The flavors and fragrances industry is a significant element of the state’s economy, with more than 125 companies in the sector. About 34,000 people in New Jersey, which is 1% of the workforce, are employed by those companies, according to a recent study by Rutgers analysts. These jobs pay an average of $88,000, far above the statewide average. The companies in this sector contribute over $4.2 billion in economic activity to the state.
Boston University has more food news in unexpected places in Cooking Tips from the Ancient Maya.
Clay balls were used to retain and distribute heat
Archaeologist Stephanie Simms was digging at the Escalera al Cielo site in a hilly region of rural Yucatán, Mexico, when she discovered a trove of clay balls the size of plums. There were hundreds of them, buried at the edge of what functioned as a Maya kitchen 1,000 years ago.Finally, Auburn University features a Food safety expert: Athens outbreak underscores importance of safeguarding against Salmonella.
Ball-shaped artifacts are not uncommon, and Simms (GRS’13) likes to joke that male researchers tend to theorize that they are ammunition, while women envision domestic uses. In this case, the location and appearance of the balls—they were found with burn marks in what was presumably a cooking area—indicate that they were used for distributing and prolonging heat in pit ovens.
Months later, at the College of Arts & Sciences Laboratory of MicroStratigraphy, an analysis of the balls’ mineral composition strongly supported Simms’ theory. The ancient narrative etched into their material properties suggests that the balls, crafted from the local, clay-rich earth, were dried in the hot sun and then cooked, like reusable coals, again and again and again, at heat as high as 1,300 degrees Fahrenheit.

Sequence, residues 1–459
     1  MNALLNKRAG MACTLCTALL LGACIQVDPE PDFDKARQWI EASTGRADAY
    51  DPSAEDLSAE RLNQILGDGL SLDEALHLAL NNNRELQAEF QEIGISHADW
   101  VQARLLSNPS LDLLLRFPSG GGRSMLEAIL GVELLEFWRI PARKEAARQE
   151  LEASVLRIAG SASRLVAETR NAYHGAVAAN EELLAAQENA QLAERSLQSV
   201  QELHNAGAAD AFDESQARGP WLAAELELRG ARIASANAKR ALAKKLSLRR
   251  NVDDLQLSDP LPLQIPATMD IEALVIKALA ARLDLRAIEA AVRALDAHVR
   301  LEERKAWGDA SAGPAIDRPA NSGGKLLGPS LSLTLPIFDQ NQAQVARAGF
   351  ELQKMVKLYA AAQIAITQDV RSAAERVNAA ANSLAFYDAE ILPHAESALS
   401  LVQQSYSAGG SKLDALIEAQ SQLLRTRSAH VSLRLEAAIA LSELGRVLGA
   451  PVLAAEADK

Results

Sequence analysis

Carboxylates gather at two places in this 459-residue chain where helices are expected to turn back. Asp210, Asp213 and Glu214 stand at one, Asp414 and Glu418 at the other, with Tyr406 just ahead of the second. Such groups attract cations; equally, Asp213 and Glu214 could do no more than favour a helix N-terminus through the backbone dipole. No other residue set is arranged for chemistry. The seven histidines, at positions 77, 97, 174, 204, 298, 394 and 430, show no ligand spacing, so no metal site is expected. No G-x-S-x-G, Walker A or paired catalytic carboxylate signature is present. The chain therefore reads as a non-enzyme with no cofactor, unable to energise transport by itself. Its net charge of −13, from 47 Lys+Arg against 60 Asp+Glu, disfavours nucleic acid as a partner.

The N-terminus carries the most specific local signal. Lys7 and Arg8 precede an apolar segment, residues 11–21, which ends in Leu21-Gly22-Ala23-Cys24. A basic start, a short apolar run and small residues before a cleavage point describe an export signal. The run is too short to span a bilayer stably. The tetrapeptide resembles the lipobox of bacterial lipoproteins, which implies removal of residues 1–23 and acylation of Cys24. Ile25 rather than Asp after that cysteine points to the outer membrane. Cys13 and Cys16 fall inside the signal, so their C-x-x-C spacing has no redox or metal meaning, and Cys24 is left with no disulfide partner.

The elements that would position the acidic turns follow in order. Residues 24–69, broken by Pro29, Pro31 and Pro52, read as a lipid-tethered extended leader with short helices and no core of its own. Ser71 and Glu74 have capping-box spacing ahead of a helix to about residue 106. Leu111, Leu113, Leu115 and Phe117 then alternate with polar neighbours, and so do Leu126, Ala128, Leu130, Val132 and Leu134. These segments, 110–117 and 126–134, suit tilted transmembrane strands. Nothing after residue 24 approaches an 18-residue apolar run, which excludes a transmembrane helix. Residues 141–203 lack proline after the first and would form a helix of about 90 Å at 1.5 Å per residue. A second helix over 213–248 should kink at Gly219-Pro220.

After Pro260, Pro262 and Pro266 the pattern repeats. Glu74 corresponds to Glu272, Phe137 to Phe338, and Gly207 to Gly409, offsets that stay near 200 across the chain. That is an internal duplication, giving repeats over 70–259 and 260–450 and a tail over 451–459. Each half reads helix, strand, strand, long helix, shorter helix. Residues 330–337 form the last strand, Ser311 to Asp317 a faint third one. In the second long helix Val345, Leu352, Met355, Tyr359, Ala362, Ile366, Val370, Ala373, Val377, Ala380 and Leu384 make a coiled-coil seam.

October 11, 2013
AUBURN UNIVERSITY – An Alabama Cooperative Extension System food safety specialist says that the recent salmonella outbreak that resulted in dozens of people reporting to the Athens-Limestone Hospital, in Athens, Ala., last weekend complaining of diarrhea, vomiting, cramps and fever is not only a reminder of the insidious nature of the potentially deadly pathogen, but also why people should take proactive steps to protect themselves from exposure.This last story interesects with the shutdown, as CDC's Samonella experts were recalled from furlough to deal with the outbreak. That reminds me; I have some shutdown stories to share. Stay tuned.
Food safety specialist Jean Weese, an Auburn University professor of poultry science who heads Alabama Extension’s food safety team, said salmonella is insidious in terms of how readily it can infect food and ultimately people.
One of the common sources of foodborne illness in the United States, salmonella is the name of a group of bacteria found in the intestines of animals. However, when the excreta of the animals get in the soil, bacteria can be carried to almost any food, Weese said.